Similar to the last question, it's not straightforward.  If their argument was "this happens a lot/too much" and they exaggerated the number, then it's possible the exact number isn't as important as the fact that the number is "too high".  Good to bring it up, but determining what the correct number is could be a discussion all on its own, and if the unexaggerated guess is brought up perhaps the original poster would accept that as also still too high.  It's only if the "correct" number is now within an acceptable range that it would make sense to argue what the exact number is.

 No.9353

>>9341
>Is strawmanning malicious, dishonest, or otherwise immoral of an act like?
If so, why? If not,  why not?

I think it's dishonest.  Whether it's immoral depends.  Sometimes people strawman political positions to express themselves.  You would not have trouble finding strawman agruments against, say, The Green New Deal, but that's not really arguing, but expressing distaste.  But sometimes it does hurt people.

>Is strawmanning an intentional act, or is it something that can be done without meaning to?

I think either way.

>if you know what they meant, or didn't know?

I'm mixed about this.  I often guess what people mean because I don't always find what they write to be clear (or maybe I spaced out when reading it).  Probably in the right mood, I will stick to exactly what they write.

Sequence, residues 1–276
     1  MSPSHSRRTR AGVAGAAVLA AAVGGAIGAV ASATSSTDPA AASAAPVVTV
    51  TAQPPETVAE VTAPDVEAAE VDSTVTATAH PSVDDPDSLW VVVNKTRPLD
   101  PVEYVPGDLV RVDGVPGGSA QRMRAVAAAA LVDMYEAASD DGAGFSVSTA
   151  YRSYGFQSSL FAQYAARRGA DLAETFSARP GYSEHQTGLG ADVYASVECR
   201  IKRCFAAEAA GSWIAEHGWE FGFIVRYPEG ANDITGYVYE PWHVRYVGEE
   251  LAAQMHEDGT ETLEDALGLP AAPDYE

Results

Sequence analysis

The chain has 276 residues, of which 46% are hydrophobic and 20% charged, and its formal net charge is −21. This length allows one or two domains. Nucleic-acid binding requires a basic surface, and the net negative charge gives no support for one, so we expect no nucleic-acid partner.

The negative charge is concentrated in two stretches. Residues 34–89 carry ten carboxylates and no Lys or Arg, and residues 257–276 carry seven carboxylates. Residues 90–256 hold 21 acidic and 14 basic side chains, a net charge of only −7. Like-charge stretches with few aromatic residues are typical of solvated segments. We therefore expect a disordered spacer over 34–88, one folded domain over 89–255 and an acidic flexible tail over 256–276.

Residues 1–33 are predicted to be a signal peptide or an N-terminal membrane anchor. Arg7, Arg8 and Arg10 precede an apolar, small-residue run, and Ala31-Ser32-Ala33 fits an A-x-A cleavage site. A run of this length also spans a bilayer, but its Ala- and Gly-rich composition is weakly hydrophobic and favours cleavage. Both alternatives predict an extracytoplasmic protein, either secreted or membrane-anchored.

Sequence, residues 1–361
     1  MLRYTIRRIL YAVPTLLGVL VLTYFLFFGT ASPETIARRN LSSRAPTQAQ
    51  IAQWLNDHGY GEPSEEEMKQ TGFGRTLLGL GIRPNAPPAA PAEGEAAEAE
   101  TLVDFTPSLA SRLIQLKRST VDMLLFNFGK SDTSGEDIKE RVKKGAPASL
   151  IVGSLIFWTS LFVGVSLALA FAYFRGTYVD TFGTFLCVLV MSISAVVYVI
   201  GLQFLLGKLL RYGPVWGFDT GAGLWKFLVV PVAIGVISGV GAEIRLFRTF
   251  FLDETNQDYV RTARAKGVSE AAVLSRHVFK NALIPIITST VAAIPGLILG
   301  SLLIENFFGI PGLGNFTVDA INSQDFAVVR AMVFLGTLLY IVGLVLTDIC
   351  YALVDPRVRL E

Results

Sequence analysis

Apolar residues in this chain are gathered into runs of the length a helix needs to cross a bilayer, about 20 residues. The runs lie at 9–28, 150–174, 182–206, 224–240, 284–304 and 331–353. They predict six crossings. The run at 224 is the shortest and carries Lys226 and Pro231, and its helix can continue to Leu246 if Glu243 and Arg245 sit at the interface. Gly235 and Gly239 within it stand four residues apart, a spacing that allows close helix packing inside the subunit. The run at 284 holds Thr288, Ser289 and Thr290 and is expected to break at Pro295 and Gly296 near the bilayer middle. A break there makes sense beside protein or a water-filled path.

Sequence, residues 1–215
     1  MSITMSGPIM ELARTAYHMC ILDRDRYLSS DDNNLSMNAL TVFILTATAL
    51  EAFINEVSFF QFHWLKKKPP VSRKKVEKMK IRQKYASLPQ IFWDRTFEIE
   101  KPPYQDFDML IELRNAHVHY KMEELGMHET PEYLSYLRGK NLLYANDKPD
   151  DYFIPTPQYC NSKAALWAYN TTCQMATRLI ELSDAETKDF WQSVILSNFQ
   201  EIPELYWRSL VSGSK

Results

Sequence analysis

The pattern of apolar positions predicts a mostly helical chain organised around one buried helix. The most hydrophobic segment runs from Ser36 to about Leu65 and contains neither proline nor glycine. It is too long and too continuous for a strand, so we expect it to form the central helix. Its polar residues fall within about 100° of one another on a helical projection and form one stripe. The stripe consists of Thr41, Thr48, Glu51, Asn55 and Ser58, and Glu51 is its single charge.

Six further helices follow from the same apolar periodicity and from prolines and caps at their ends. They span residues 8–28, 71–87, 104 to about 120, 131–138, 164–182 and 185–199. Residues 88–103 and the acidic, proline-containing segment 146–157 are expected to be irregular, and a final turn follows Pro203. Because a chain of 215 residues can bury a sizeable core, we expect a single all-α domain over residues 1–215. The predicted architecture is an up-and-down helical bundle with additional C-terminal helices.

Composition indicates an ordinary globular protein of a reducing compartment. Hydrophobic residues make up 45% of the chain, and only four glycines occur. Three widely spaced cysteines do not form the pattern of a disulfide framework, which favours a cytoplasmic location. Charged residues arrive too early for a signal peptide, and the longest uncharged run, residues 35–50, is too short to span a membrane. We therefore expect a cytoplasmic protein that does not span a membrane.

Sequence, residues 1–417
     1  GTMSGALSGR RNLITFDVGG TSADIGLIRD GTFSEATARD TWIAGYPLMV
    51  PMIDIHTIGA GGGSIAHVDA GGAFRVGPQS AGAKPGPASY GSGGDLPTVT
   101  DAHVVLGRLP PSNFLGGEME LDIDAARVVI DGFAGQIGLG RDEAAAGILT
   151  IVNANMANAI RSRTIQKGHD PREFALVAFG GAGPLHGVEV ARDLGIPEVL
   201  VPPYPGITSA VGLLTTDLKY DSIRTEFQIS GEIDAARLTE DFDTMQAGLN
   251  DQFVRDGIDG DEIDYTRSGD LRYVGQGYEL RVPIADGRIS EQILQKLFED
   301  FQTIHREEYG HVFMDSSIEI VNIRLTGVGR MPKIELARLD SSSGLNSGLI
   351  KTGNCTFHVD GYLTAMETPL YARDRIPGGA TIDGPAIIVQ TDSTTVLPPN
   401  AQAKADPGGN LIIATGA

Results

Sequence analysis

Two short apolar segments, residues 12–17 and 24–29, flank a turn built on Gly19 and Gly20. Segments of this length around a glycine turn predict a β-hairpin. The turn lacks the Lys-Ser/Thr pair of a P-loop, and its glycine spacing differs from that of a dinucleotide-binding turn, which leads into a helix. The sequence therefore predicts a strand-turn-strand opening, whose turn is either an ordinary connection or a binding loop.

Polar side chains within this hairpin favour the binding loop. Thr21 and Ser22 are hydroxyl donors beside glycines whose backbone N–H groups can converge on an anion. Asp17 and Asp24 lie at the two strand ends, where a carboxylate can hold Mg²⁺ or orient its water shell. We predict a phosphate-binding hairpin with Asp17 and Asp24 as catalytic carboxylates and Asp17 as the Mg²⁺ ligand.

>percentages of the examples that are wrong influence (...)

I don't think you can really make rules about strawmanning with precision.  And if you're talking to someone who is present, such as on a message board, it seems less of a concern because the other people can just clarify.

 No.9355

I find this thread somewhat disengenuous considering how often the term "ad homenum" is thrown around wjen others (like myself) are being rude, which isn't the same thing as an ad homenum fallacy but is used more informally to designate one person attacking the character of another.

In one sense strawmanning means simply misrepresenting someone else in making an argument against them, in the other sense, it's deliberately misrepresenting someone's argument.

Context can make the distinction between the slighlty less rigid, more informal meaning of the term and the more rigidly formal definition of the fallacious rhetorical tactic. Either way, it's uncivil on this board, either to deliberately misrepresent another's argument or to misrepresent their motivations or thought process in an attempt to counter them.

 No.9356

>>9355
Probably we all need to attempt to be as obtuse as possible in sticking to the exact wording of posters to avoid the various possible violations.